Marketplace Africa Chinese Etiquette Mandarin vision_00000000.jpg
Tone and pitch is everything when learning this language
01:24 - Source: CNN
CNN  — 

Lucia Hau-Yoon has spent nearly 30 years teaching Africans the art of mastering business dealings with the Chinese.

A crucial part of this strategy is learning the language and helping them avoid gaffes and misunderstandings that could scuttle deals and harm working relationships.

It’s no easy feat though when it comes to the Mandarin language where tone and pitch are essential.

Hau-Yoon recounts hearing one of her students saying what he thought was “I want to ask you something,” in Mandarin, however, his intonation meant that he said “I kiss you,” instead.

Improving communications with Chinese business partners is at the top of the agenda for Hau-Yoon and her team at the Mandarin Training Center in Johannesburg, South Africa’s capital.

Hau-Yoon says she set up the training center in response to the increasing demand for Chinese cultural awareness by Africans who work with partners from China – an indication of how influential China has become in Africa in the past two decades.

According to a report by McKinsey & Company there are presently more than 10,000 Chinese businesses operating in different countries on the continent, including Ethiopia, South Africa, and Kenya.

And in infrastructure alone, Chinese firms claim approximately 50% of Africa’s internationally contracted construction market, the report said.

Cultural norms

Hau-Yoon believes this presence has made it imperative for local organizations to build long term working relationships with Chinese investors.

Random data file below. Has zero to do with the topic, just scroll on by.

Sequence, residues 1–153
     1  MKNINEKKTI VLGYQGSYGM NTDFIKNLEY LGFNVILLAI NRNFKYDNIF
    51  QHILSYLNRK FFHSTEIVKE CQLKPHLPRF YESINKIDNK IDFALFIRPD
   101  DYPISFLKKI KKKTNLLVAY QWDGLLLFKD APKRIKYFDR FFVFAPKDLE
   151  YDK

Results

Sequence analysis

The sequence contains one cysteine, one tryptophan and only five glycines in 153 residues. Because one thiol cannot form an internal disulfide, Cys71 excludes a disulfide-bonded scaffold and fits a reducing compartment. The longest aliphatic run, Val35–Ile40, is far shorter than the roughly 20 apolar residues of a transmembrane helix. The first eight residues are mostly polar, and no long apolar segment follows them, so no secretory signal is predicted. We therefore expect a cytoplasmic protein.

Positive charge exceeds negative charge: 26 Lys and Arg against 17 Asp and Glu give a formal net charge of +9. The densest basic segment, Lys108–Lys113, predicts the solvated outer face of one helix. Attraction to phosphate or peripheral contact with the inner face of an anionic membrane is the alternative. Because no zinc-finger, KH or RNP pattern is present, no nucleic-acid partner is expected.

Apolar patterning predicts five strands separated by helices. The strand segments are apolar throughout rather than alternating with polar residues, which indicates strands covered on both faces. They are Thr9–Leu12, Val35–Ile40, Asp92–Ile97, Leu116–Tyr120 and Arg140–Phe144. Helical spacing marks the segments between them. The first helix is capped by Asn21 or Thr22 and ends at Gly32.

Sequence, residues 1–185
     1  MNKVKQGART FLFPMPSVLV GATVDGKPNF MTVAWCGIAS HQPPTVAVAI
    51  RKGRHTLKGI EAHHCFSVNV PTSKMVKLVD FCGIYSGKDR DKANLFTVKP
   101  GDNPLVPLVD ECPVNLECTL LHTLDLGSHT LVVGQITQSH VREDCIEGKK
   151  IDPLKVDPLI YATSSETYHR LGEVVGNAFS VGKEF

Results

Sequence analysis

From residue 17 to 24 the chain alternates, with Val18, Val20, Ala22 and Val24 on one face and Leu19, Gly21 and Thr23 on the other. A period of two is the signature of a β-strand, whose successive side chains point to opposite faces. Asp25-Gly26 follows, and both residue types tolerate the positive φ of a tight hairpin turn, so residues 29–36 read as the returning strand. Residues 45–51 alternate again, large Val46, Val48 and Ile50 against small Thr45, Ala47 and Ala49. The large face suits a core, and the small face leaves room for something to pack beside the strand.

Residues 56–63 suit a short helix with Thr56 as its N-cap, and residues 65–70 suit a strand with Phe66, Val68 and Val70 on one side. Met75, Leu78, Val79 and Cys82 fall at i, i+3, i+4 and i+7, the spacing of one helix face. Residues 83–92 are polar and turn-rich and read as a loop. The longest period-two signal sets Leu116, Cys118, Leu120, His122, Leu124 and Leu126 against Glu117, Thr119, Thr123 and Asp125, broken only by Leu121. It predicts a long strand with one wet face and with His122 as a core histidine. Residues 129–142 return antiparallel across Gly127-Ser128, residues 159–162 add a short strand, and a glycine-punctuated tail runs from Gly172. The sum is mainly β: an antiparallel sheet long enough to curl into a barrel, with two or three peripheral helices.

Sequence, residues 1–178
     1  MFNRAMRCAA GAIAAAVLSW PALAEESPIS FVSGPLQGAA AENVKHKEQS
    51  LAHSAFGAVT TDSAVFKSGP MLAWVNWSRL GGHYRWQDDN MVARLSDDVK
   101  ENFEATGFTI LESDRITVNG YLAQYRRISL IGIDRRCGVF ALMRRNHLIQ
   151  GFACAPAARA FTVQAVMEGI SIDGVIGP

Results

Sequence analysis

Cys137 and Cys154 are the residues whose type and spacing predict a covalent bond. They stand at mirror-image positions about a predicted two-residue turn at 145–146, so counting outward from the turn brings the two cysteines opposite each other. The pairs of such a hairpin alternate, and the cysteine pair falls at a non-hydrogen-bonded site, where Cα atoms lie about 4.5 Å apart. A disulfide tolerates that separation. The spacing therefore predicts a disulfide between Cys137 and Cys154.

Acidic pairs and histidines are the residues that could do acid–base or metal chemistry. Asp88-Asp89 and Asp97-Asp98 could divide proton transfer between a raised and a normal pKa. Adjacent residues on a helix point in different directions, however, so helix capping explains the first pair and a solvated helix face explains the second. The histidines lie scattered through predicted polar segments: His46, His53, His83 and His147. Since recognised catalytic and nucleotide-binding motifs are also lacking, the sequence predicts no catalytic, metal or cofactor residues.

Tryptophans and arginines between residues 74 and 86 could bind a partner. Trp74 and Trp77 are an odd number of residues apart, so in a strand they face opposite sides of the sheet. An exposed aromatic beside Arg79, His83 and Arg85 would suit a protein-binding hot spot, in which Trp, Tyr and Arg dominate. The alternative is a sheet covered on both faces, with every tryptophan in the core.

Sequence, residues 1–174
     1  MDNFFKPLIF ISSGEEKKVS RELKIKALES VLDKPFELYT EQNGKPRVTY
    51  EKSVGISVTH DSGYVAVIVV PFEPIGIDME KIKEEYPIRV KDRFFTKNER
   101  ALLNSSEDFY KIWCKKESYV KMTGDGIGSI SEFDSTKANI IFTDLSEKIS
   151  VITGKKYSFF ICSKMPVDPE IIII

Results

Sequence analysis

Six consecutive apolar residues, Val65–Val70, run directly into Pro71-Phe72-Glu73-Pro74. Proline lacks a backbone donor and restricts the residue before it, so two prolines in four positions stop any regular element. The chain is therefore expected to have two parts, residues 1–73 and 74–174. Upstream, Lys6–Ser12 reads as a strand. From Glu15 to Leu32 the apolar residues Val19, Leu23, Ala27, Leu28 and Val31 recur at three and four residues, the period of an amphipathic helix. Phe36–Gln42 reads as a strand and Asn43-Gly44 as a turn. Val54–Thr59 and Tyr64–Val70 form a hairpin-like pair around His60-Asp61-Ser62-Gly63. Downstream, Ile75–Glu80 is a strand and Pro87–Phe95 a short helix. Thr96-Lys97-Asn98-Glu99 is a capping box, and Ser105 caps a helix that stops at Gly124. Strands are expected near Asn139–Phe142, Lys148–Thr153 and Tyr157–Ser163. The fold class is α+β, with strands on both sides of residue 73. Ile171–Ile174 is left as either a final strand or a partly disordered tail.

And part of doing so involves more than just closing deals, it requires having an understanding of the Chinese business protocol too.

“I think a lot of Westerners or people from South Africa are too anxious to make deals happen. They meet the Chinese and hope that after one or two hours talk they can sign contracts, which is impossible,” she told CNN.

“It’s about all the other things. Eating, drinking, talking and small talks to get to know each other.”

This need to better understand Chinese people in business is why IMS Engineering and its partners in South Africa send their teams to Hau-Yoon’s center.

“We wanted to build a partnership approach by getting a better understanding of differences in culture, avoiding misunderstandings that can so easily arise when people have different cultural norms,” Paul Bracher, the managing director at IMS told CNN.

Bracher says the Chinese are respectful and appreciative of efforts to better understand their language and culture.

And it’s not a one-way street, some of their Chinese partners have also put in the effort to learn about South African culture, he says.

China in South Africa

Jacky Liu runs the China International Travel Agency South Africa, and switches easily between Chinese and African etiquette and norms, thanks to living in South Africa for more than two decades.

But the profile of Chinese travelers has changed over the years as business opportunities continue to lure more people to the continent.

“The business traveler is becoming more…. and more we see more percentage rising than the normal tourist. Chinese business travelers come here more now because both countries are economically related. Big enterprises from China invest in South Africa, so they send a lot of officials to do business,” he said.

While the Chinese economy has lost steam and growth is slowing, Liu said it hasn’t affected business delegations wanting to come to South Africa.

“The concern is maybe for the normal tourists but not for the business travelers,” he said. “The business travelers, between the China-US trade war, they may find more opportunities in Africa.”

And the hope is as the eastern powerhouse drives opportunities across Africa, they both create a deeper understanding of each other’s values and overcome language and cultural barriers so investments pay off.